Does having root canal therapy hurt?

We'd be the first to acknowledge that root canal treatment has a reputation for being painful. But we'd be the last to agree that this reputation is deserved.

Will you experience pain during your treatment?

When discussing the subject of discomfort, it's really necessary to break this topic down into a few subcategories.

That's because each one has a different potential for the patient to experience it.

Categories:


There's no reason to expect that scheduled root canal appointments will hurt.

For the average person and the average case, having root canal treatment should be no different than having many other types of dental procedures performed, such as having a filling placed.

Your dentist will first "numb up" both your tooth and its surrounding gum tissue. Once that's done, the remainder of the appointment should be a non-event, even to the point of being boring.

As testament to this fact, ask your dentist, they'll tell you it's somewhat common that a patient will fall asleep while their treatment is being performed.

Anxiety management may help to improve your experience.

Different from pain management is the issue of patient management. Some people may have apprehensions about their upcoming root canal treatment.

If so, they will need to be up front about this with their dentist. Doing so will give them a chance to figure out a solution. For example, the use of some type of sedative may make their procedure more bearable. (Here's more information about this subject: Conscious Sedation.)

Root canal without anesthetic?

You might be surprised to learn that many teeth that require root canal treatment could, without the use of any anesthetic, be drilled on and the patient would feel no pain whatsoever.

And, in fact, it is conceivable that in some isolated cases the person's entire root canal procedure could be completed without any anesthetic or pain.

Why? Simply because in these cases the nerve tissue in the tooth has died. And dead nerve tissue cannot transmit pain sensations.

Will this be true for you?

Should you expect that your root canal therapy can be performed without the use of an anesthetic? No, that's not realistic. But, if you have a mind set that all root canal appointments are excruciatingly painful, well, that's not realistic either.


Your dentist will numb up your tooth prior to performing your root canal treatment.

A syringe used to give dental injections.

As insurance that things will go as smoothly and uneventfully as possible, most dentists will go ahead and numb up any tooth on which they are performing endodontic therapy.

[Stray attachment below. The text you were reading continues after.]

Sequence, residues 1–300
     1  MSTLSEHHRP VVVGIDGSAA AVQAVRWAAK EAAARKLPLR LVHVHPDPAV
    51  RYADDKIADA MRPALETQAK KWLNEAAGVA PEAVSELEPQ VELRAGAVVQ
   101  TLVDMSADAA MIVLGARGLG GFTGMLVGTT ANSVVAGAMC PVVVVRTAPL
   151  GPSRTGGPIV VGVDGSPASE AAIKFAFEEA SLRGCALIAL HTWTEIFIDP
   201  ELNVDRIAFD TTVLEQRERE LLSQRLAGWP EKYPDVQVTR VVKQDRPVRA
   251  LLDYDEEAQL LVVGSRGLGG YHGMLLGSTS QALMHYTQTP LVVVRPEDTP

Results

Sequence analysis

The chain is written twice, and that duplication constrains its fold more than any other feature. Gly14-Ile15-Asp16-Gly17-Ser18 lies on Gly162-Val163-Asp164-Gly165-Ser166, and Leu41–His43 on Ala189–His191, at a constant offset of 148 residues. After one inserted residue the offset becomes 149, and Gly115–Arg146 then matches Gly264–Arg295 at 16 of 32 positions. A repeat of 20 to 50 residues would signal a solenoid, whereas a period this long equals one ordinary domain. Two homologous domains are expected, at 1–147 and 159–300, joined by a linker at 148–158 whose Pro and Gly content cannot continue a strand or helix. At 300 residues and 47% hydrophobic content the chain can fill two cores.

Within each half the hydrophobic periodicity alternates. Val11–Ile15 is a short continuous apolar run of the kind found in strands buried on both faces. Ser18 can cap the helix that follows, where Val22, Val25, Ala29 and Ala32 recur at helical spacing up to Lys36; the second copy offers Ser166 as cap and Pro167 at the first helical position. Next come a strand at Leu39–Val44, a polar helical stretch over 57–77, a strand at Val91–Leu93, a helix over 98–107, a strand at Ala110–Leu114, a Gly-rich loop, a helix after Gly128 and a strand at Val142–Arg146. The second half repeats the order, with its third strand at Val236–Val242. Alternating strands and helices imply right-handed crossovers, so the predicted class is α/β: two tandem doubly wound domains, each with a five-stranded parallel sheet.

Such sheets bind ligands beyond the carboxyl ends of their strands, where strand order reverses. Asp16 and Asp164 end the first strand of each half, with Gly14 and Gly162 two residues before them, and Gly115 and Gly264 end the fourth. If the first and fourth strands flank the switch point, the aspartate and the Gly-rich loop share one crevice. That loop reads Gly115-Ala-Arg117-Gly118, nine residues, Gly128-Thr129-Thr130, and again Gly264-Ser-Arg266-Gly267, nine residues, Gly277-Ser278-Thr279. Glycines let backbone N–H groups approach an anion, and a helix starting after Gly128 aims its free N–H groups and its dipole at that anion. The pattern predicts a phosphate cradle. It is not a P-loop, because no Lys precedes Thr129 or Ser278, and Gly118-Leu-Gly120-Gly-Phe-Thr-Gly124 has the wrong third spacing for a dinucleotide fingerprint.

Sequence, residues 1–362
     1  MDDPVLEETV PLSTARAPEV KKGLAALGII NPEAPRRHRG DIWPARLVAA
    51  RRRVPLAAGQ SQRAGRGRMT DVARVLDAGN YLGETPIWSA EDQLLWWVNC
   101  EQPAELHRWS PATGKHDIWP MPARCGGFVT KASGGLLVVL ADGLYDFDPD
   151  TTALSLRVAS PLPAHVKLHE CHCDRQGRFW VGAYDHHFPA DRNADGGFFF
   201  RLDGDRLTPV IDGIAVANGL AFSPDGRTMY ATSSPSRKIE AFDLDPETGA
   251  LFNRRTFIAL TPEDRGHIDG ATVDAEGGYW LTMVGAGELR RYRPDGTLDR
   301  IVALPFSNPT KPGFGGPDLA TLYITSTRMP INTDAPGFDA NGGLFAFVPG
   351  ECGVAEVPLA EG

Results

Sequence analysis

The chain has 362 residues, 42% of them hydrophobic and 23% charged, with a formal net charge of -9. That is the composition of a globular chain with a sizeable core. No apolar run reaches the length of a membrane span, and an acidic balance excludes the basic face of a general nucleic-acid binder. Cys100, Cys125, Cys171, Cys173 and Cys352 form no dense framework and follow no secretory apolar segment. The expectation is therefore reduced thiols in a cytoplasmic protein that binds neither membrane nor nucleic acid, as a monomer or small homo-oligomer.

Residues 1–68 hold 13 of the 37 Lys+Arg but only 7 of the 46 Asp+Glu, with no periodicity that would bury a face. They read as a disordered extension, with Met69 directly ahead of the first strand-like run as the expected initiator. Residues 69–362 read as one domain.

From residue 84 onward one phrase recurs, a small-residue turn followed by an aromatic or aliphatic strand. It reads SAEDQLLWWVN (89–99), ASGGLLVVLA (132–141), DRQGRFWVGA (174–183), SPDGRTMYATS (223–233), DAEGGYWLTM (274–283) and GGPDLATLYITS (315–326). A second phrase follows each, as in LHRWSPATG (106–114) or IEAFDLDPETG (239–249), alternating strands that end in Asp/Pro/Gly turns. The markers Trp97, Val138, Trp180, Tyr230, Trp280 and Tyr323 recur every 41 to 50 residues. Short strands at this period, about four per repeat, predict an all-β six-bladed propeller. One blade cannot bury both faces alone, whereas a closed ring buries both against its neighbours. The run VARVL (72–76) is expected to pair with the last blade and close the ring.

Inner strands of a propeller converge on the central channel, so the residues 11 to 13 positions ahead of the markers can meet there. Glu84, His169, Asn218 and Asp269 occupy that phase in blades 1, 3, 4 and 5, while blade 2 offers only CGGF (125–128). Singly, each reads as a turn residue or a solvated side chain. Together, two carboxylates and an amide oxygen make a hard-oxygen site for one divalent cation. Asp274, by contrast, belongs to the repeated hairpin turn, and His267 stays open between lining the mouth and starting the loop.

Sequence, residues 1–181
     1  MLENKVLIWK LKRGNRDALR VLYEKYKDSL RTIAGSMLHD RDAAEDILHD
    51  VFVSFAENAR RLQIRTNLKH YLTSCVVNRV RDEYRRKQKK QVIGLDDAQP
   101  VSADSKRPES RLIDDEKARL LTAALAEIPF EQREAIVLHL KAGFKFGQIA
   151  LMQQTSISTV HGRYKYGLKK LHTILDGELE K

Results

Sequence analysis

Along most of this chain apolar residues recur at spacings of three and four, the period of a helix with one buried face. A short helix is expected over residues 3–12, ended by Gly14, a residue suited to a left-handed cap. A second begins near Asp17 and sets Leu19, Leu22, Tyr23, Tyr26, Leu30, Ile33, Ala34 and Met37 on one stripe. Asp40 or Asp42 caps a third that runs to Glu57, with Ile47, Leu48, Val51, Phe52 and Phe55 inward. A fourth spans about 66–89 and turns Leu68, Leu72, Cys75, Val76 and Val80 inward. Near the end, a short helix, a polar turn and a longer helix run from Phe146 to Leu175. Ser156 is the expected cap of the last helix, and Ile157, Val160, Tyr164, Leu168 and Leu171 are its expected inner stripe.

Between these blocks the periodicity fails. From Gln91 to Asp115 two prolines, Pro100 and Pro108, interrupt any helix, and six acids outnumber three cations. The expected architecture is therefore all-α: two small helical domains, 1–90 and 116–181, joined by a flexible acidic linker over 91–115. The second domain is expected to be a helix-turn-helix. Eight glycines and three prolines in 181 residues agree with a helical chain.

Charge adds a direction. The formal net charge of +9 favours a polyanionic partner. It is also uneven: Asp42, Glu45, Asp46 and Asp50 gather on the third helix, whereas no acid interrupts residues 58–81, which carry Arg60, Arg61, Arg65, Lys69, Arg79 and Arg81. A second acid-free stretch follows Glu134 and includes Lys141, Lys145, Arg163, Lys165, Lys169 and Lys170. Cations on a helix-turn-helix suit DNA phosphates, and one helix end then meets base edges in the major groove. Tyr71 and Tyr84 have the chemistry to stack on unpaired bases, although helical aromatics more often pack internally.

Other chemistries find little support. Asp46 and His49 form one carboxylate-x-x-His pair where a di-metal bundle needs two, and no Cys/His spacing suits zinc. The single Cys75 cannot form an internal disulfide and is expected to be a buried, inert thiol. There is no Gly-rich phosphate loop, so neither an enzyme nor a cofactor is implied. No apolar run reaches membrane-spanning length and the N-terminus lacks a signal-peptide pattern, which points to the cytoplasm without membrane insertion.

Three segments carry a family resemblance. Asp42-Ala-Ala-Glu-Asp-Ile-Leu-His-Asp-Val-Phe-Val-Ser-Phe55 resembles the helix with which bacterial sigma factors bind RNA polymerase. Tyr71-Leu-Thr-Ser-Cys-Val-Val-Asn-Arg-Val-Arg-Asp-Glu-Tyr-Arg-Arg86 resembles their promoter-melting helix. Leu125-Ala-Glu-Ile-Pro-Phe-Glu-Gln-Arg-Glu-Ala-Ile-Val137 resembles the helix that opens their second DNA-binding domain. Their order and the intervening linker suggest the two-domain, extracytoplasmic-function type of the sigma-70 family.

That's because they're trying to create a result that will last you a lifetime and they need to be able to concentrate on their work, not on how you are reacting to it. By numbing up your tooth, both of you will be more at ease and relaxed.

[ Related content: Will my dental injection hurt? ]


Having root canal treatment is a "good thing."

There are many reasons why a person should be eager to begin their root canal treatment.

  • For cases that have been problematic, it's root canal therapy sets the stage for the healing process.
  • For teeth that have remained quite, this window offers the ideal time to perform their therapy. You will be relaxed and rested. The treatment process should go just that much more smoothly. And your tooth can be expected to respond to the steps of the procedure more predictably.
  • Any tooth that is in need of treatment but has not yet received it is unpredictable. Having your root canal treatment completed sooner rather than later reduces the chances that you will experience a painful tooth flare up (an acute tooth abscess).

There is some potential for post-treatment pain.

We wouldn't be telling you the whole story if we didn't mention that after a root canal appointment, after your numbness has worn off, there is some potential that your tooth might hurt a little. (It really should just be minor.) We've dedicated a page to this subject: Root canal treatment aftercare.


Don't confuse having root canal treatment with the management of those painful events that signaled its need.

It seems likely that many of the remarks you hear about how painful having "root canal" is should really be attributed to those events that initially signaled that it was needed.

Acute flare ups.

With some cases, the final, and possibly only, sign that has indicated that a tooth needs root canal treatment is a toothache.

It would be a dishonest to suggest that during this time frame (a time when the tooth and its surrounding tissues are agitated and inflamed, and the patient is ill at ease and stressed) that the steps a dentist must take (to provide lasting pain relief and to set the stage for the healing process) can always be accomplished with absolutely no discomfort.

But providing this type of emergency service is different than performing the individual steps of the root canal procedure. Once the tooth has settled down, that process can be expected to be routine and essentially pain-free.

Routine cases.

The above scenario isn't to suggest that the only signal that a tooth needs endodontic therapy is that it hurts. A tooth's need for treatment can be signaled in a number of different ways, many of which don't involve any pain at all. This is why, for most patients, their entire root canal experience (diagnosis and treatment) is a non-event.


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